By George Klaus Levinger, Harold L. Raush

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Extra info for Close relationships: perspectives on the meaning of intimacy

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There is, however, a paradox. While expected to control his world, the individual is constantly reminded of his impotence. The media daily inform him of events beyond his control. Increasingly, he has become an anonymous product in a world geared to mass production. As a *In the following paragraphs, read "he" as he or she and "his" as his or her. Page ix consumer, he is as "packaged" as the products of the market in which he is an anonymous customer. As a producer, he is a cog in a machine whose complexities are beyond his understanding.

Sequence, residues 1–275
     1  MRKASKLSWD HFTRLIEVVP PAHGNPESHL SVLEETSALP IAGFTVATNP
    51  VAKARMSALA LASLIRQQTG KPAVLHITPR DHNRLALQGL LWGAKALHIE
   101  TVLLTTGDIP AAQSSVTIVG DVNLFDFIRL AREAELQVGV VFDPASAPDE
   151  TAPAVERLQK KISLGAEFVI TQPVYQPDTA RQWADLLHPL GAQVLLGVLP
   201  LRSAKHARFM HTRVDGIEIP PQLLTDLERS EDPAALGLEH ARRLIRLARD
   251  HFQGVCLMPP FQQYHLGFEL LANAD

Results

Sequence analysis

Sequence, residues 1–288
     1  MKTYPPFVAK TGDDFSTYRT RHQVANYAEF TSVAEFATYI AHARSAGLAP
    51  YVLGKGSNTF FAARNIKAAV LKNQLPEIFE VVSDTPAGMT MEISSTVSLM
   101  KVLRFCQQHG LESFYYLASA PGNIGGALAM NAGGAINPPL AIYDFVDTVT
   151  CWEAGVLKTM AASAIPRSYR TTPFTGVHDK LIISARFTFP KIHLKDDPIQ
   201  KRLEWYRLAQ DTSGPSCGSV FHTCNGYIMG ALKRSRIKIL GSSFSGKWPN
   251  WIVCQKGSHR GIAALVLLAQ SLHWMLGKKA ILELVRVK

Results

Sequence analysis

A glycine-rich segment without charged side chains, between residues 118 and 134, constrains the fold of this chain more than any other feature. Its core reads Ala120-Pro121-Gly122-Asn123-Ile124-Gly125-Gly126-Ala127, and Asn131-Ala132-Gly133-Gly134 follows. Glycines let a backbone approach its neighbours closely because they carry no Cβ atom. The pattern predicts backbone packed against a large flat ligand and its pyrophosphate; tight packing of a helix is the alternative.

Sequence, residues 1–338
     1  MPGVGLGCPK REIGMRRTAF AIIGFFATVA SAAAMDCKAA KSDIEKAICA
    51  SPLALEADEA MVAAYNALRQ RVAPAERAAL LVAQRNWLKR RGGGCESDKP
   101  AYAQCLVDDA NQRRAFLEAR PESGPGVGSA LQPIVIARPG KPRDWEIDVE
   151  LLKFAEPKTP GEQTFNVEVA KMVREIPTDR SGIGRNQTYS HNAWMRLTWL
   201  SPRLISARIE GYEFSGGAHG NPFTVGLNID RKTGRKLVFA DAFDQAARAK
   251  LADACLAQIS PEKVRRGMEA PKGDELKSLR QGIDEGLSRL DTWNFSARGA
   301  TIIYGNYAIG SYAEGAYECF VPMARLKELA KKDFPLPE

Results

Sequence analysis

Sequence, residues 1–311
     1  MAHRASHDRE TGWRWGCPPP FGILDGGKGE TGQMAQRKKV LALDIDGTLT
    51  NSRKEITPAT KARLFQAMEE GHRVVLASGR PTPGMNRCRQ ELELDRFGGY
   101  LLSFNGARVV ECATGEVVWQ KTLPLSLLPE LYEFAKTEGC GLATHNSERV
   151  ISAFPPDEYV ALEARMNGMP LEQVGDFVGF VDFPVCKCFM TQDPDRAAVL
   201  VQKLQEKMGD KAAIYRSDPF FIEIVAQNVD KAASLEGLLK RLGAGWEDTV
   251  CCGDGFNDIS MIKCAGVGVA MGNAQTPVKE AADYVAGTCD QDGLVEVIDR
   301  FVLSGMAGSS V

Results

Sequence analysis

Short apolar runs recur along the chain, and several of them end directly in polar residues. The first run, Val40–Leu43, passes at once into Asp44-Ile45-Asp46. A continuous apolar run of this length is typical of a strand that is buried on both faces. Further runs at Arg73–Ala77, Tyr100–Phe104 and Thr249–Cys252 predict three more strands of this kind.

We see a decline of community support systemsnot only of neighboring kin, but also of modest institutions like the corner grocery or the neighborhood bar. Increased mobility and decreased family size further the individual's isolation. It is no surprise, then, that the intimate relationship has come to be seen as a refugea respite from alienation at one's place of work, from isolation in the community, from the incomprehensibility of technology, and from social anonymity. But the walls of that refuge often crumble under the weight they bear.

Teachers who can allow non-role elements in their relationships with certain students can have extraordinary influence on these young people. An important element in the student's attraction to the teacher is often the teacher's broad Page 20 knowledge. Wanting to "know as much" or "be as creative" as an admired teacher is certainly one of the critical thrusts in many of our early intellectual histories, just as is the feeling of wanting to be very good at something, to do very well, in response to an admired teacher's clear expectation that one can.

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